Vote in a Local Council Election
Local government is one of the three levels of government in Australia (the other two are the Federal and State/Territory governments). It's the level of government that looks after the issues that are specific to the area you live in, things like local parks, sport grounds, libraries and rubbish collection.
Topics on this page include:
Local government isn't specifically mentioned in the Australian constitution, but they are key decision-makers with respect to many things that affect you close to home.
Local governments are often responsible for:
- Aged care
- Youth services
- Local sporting facilities
- Local libraries
- Local road and street maintenance
- Rubbish collection and recycling
Local governments also often organise community festivals, street parties and local art exhibitions.
Every local council across Victoria, from the City of Casey to the Shire of Yarriambiack is elected at the same time every four years.
The most recent local council elections were in November 2016 and the next ones will be in October 2020.
Voting in all relevant local, state and federal elections is compulsory in Australia. So is enrolling to vote. If you're 18 or over and you're enrolled to vote, but you don't vote - for whatever reason - you could be fined.
If you're 18 or over and you're NOT enrolled to vote, you aren't actually legally allowed to vote, and since it's illegal not to vote if you're 18 or over, not being enrolled could mean that you get fined for not voting.
If you're enrolled to vote in Victoria, you have to vote in all Victorian State elections or risk being fined. To find out where you're enrolled, check out our Check or Change Your Enrolment page or head straight to the VEC's Check Your Enrolment page (new window).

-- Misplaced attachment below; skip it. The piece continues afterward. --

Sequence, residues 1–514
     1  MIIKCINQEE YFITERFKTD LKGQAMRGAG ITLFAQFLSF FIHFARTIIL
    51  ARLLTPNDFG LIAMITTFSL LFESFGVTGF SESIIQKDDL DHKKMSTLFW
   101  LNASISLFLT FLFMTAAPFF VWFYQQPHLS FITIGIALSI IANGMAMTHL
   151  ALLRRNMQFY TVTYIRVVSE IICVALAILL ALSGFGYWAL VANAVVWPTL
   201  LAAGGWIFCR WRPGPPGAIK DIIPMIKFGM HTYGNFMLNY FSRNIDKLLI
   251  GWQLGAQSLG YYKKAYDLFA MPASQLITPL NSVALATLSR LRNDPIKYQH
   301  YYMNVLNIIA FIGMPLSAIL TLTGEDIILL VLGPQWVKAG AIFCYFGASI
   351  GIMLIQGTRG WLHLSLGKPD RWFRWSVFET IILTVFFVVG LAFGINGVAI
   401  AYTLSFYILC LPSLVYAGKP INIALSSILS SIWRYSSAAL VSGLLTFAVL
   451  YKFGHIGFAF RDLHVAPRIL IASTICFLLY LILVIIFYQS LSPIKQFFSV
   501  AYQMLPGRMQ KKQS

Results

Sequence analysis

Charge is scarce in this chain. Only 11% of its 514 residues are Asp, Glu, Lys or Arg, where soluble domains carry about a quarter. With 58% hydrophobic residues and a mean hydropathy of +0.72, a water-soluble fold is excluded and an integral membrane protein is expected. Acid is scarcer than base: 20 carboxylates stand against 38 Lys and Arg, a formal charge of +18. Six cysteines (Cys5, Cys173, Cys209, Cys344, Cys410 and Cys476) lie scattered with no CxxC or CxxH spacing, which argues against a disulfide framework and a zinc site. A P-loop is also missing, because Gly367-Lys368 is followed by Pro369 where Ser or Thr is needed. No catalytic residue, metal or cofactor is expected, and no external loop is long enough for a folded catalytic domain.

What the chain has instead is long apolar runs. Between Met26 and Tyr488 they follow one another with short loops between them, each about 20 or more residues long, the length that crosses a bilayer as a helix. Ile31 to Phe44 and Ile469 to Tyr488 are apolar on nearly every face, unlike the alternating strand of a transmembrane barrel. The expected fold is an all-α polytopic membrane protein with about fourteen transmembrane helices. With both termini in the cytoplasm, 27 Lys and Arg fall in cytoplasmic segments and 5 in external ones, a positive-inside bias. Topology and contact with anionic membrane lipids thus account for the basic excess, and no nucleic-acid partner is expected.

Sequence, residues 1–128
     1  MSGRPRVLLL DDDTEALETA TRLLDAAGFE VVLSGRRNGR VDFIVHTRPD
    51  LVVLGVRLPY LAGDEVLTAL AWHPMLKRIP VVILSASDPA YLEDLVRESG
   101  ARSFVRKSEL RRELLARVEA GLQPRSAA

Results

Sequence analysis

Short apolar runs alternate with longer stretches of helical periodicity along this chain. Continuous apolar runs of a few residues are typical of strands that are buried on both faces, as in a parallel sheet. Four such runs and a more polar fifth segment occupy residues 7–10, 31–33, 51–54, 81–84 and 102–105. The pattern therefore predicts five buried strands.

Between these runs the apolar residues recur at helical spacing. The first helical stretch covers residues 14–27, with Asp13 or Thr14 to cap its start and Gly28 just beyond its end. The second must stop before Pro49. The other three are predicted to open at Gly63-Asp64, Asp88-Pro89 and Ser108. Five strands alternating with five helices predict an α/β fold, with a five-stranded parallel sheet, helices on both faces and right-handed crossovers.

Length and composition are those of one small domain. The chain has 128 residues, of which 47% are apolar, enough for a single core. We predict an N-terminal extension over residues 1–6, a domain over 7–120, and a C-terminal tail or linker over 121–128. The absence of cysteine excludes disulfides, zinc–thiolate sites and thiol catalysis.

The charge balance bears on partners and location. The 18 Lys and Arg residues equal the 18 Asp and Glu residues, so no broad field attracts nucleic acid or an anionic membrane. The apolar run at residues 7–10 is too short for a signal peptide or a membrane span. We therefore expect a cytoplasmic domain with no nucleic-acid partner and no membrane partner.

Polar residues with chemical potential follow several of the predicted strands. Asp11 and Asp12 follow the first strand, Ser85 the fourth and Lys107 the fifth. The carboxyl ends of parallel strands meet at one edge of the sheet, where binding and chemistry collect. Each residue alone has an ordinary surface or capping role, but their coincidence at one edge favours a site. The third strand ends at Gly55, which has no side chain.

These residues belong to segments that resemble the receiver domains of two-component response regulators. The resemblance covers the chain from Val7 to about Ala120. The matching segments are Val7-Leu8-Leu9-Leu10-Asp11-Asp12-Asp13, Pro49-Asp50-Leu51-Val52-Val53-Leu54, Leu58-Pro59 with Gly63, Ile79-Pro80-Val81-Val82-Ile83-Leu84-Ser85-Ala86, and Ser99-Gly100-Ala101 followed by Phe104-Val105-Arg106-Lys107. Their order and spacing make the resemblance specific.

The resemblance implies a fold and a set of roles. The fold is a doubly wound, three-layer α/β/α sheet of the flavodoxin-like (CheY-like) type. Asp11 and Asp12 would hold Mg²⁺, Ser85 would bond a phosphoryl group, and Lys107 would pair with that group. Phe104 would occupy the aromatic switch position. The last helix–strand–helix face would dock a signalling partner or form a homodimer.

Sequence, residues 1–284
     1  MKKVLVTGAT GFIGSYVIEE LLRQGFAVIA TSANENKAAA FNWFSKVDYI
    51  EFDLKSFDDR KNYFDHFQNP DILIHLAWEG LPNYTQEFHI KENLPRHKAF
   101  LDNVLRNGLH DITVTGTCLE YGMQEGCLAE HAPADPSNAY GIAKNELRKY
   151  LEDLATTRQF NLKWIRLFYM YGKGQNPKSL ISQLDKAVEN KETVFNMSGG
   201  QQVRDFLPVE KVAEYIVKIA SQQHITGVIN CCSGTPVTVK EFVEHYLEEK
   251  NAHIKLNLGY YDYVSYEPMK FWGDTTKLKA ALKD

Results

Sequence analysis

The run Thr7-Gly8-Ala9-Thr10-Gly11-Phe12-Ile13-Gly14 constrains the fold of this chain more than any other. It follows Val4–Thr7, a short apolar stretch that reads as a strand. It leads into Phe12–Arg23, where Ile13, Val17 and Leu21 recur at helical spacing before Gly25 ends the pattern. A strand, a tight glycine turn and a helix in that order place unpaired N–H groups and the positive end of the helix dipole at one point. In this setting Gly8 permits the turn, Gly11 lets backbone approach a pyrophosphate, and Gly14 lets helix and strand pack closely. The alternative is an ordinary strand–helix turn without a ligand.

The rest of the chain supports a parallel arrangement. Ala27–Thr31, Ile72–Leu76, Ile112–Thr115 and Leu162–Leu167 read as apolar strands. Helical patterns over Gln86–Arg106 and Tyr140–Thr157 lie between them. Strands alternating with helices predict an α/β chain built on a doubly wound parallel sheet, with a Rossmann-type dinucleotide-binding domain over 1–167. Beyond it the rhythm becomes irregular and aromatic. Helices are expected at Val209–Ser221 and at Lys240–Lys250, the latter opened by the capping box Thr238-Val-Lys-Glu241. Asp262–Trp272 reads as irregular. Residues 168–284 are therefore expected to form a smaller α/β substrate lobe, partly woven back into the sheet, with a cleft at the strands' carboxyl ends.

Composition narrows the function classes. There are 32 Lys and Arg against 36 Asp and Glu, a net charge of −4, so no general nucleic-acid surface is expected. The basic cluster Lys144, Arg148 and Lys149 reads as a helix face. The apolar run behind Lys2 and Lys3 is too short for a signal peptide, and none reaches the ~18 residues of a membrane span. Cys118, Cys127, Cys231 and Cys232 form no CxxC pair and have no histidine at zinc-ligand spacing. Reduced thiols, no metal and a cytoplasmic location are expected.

For more about failure to vote, check out the VEC's What if I Didn't Vote? page (new window).
In local council elections, you’re voting for the people who’ll represent you on your council.
To find out who your local councillors are at the moment, go to your local council website - a list is provided by the Municipal Association of Victoria (new window) and the Department of Environment, Land, Water and Planning (new window) has an interactive map where you can find out the name of your local council and a list of the current councillors.
Remember: It's up to you to decide who you vote for. You don't have to vote for people just because your friends or family tell you to, and you don't have to vote the way that how-to-vote cards say either. The only person who can choose who you vote for is YOU.
Local council elections can be run using postal voting or attendance voting.
Councils choose which one they want to use before each election. Ballot papers look the same, and voters mark them in the same way, for both systems of vote counting.
If it's a postal vote, a ballot paper will be sent to you at the address that's listed for you on the electoral roll. If it's an attendance vote, voting booths are usually set up at your local town hall, primary school or community centre.
Either way, you will be given a ballot paper which looks like the image at the top of this page. All you need to do is place a 1 in the box next to your preferred candidate, and then number all of the remaining boxes in the order of your preference.
Some political parties hand out how-to-vote cards that show how they would like you to number the boxes on your ballot paper. You don't have to complete your ballot paper the way that any how-to-vote card tells you to if you don't want to. It is completely up to you how you complete your ballot paper.
When you complete your ballot paper, make sure that you have numbered all of the boxes on the ballot paper. If you don't number ALL of the boxes, your vote will be considered "invalid" and won't be counted.
For more information about voting in local council elections in Victoria, visit the VEC website (new window).